Our new unit allows our little ones to explore different food textures and tastes. Our “I Like to Eat, Eat, Eat” unit is an inquiry into the food we eat as we learn more about How We Organize Ourselves. Our central idea for this unit allows students to explore the idea that the food we eat gives us nutrients, energy, and helps us maintain a healthy lifestyle.
Our littlest learners are exploring about many kinds of food. They start with fruits, vegetables, and other foods that give them energy. They also learn about the food that they like the best.
Throughout our inquiry, students will also learn about the supermarket and the different kinds of food that are sold there. In our classroom, we made our own supermarket with real fruits and vegetables as well as some play food from our classroom kitchen center. EC 1 students showed their enthusiasm each time they visit our supermarket and “shop” using a basket and trolly/ shopping cart. They go through the cash register too to complete their transactions. This activity allows our our little learners to discover that there are many kinds of food, how the types of food are similar and different from one another, and how they can classify or organize different foods. Some common ways to categorize food include sensory information about, size, color, texture, smell.
In addition to learning about the types and tastes of food, we learn about how to prepare the fruits and vegetables to ensure they are safe to eat. We invite them to wash their fruit and vegetables that they bought from our classroom supermarket.
These activities have lead some of the students to show their curiosity by asking to open some new fruits. Students have become more curious about how they taste. During food tastings, students showed they were balanced when they sat at the table rather than run around the classroom; they showed they were balanced when they choose healthy food most of the time, and a special sweet treat once in a while. When we have snack sharing time, the students were balanced by bringing healthy snacks to share rather than just bringing less healthy food.
What You Need To Know About Processing Speed
Does it seem like it takes your child a long time to complete any type of task? Does it seem like she does not follow directions? Does he seem to stare off into space frequently? What is going on?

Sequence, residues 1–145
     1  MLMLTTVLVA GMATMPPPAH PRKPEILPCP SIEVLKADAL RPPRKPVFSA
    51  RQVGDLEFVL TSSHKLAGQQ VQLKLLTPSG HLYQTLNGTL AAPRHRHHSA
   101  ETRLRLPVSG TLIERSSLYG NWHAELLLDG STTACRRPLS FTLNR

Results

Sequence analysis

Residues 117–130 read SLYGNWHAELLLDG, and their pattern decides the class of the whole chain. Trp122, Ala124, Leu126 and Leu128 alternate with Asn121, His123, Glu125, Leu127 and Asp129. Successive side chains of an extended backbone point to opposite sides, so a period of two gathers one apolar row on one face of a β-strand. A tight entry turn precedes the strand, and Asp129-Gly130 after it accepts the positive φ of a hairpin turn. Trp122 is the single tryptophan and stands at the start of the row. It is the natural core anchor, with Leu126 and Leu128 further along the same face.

Processing Speed is the pace at which an individual receives information, makes sense of the information, and then responds accordingly to the information. Slow processing may look like: difficulties following multi-step directions, taking a long time to complete simple or routine tasks, weak organizational skills, and/or difficulties with time management. Slow processing is a common experience among many individuals. If you have a concern that your child has a slow processing speed, there are different strategies that can help.
- Take notes on what type of tasks take a long time
- Establish regular routines (bedtime, homework time, free time, etc.)
- Adjust their daily schedules to accommodate their pace
- Assist your child with organization – do not organize for them
- Respect your child’s processing speed – increased speeds comes with practice and consistency
- Encourage your child to advocate for themselves by asking for help and communicating with their teachers
- Understand that your child can get frustrated or exhibit anxiety and could behave negatively
- Communicate regularly with your student’s teacher and/or school
- Discuss strategies that can be used at school and at home to help support your student
For further information, please contact Ms. Jodi or Ms. Dita and visit Understood.org to learn more about Processing Speeds.